Nonprofits speak out against expanded Business Enterprise Tax
Representatives from hospitals, private colleges and other nonprofits packed a House committee room yesterday to oppose a bill that would eliminate their exemptions from the Business Enterprise Tax.
“I think it’s a terrible idea,” said Rep. Peter Ramsey, a Manchester Democrat who is president and CEO of the Palace Theatre, a nonprofit organization in Manchester. “It’s a very negative debate to have because, as we all know, nonprofits in New Hampshire make our state a better place to live.”
A bill sponsored by Rep. David Hess, a Hooksett Republican, would expand the Business Enterprise Tax to include nonprofits that receive more than $2 million in revenue for their programs and services. He said the bill is “revenue neutral”– he proposes using the expanded tax base to lower the overall Business Enterprise Tax rate, currently 75 cents per $1,000 of enterprise value, to a rate of 68 cents per $1,000. Religious organizations and private foundations would maintain their tax exemptions.
Hess, speaking before the House Ways and Means Committee yesterday, said hospitals and private universities are among the state’s greatest accumulators of wealth.
Steve Ahern, president of the New Hampshire Hospital Association, said the 24 nonprofit community hospitals in the state offer millions of dollars in charity care and shortfalls of Medicare and Medicaid, and are already taxed under the Medicaid Enhancement Tax.
Ahern said hospitals paid $184.9 million through the Medicaid Enhancement Tax in 2011, in addition to losing more than $202 million while treating Medicaid patients.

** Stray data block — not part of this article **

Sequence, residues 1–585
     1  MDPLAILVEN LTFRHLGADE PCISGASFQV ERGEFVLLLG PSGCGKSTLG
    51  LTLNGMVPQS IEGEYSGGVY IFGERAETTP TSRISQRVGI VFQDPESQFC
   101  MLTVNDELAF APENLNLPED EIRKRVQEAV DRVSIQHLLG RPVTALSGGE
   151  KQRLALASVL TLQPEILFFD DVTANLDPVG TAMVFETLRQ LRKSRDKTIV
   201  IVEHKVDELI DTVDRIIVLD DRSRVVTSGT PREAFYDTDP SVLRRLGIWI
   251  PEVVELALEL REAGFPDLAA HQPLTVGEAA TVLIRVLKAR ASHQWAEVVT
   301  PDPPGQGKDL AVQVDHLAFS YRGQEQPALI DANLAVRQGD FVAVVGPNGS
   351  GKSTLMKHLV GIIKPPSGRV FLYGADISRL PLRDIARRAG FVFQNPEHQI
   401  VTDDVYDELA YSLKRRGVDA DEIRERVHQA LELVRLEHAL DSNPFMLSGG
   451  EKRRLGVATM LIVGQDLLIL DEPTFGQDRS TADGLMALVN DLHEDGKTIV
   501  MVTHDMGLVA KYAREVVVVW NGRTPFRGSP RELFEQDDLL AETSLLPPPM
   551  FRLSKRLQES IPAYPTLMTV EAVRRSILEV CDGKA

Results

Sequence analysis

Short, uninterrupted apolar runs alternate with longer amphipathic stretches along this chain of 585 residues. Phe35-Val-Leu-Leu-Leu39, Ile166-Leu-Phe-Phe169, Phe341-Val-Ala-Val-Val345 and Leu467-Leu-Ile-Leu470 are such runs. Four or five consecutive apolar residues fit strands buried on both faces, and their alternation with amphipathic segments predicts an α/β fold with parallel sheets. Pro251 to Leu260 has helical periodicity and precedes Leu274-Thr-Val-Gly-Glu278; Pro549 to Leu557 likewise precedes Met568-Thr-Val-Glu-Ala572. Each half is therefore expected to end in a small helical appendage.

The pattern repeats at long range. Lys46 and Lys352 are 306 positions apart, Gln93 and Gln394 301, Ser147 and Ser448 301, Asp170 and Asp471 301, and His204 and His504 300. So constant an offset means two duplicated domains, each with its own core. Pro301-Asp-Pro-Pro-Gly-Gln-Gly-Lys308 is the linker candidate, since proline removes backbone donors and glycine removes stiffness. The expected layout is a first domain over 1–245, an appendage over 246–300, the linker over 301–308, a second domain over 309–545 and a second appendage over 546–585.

Adding the BET to the hospitals’ expenses is simply not sustainable, Ahern said.
“Hospitals were created by our communities, they are governed by our communities and they exist to serve them,” he said.
When asked whether he considered linking the expanded Business Enterprise Tax to the Medicaid Enhancement Tax, Hess said both issues were too complicated on their own to consider together. But, he noted, he is open to suggestions about his bill.
Gina Balkus, CEO of the Granite State Home Health Association, said the bill would affect about 20 nonprofit visiting nurse associations. Those groups receive most of their program service revenue from government sources, which Balkus said have decreased under federal budget cuts and the Affordable Care Act.
“I am extremely concerned about the financial viability of New Hampshire’s nonprofit home health agencies, just as our state is going to be hit by the silver tsunami of our aging population,” she said. “Imposing the Business Enterprise Tax on nonprofit home health agencies that are already potentially at risk is like rubbing salt in a wound.”
Representatives from nonprofits that do not offer health care also spoke against the bill yesterday.
Richard Minard, vice president for policy at the New Hampshire Community Loan Fund, said the bill would affect his organization and its ability to offer loans to low-income individuals.
“We want to be a major accumulator of wealth in New Hampshire, but we want the accumulation to go to the low-wealth individuals who populate the state,” Minard said.
An expanded Business Enterprise Tax would also have “serious implications” for private colleges and universities, said Michele Perkins, president of New England College and chairwoman of the New Hampshire College and University Council.
“The proposal contained in HB 1509, which would require private educational institutions to pay the Business Enterprise Tax, would negatively impact the ability of our institutions to fulfill their educational purposes, to respond to workforce needs of New Hampshire’s businesses and to provide needed scholarship assistance to New Hampshire students,” Perkins said.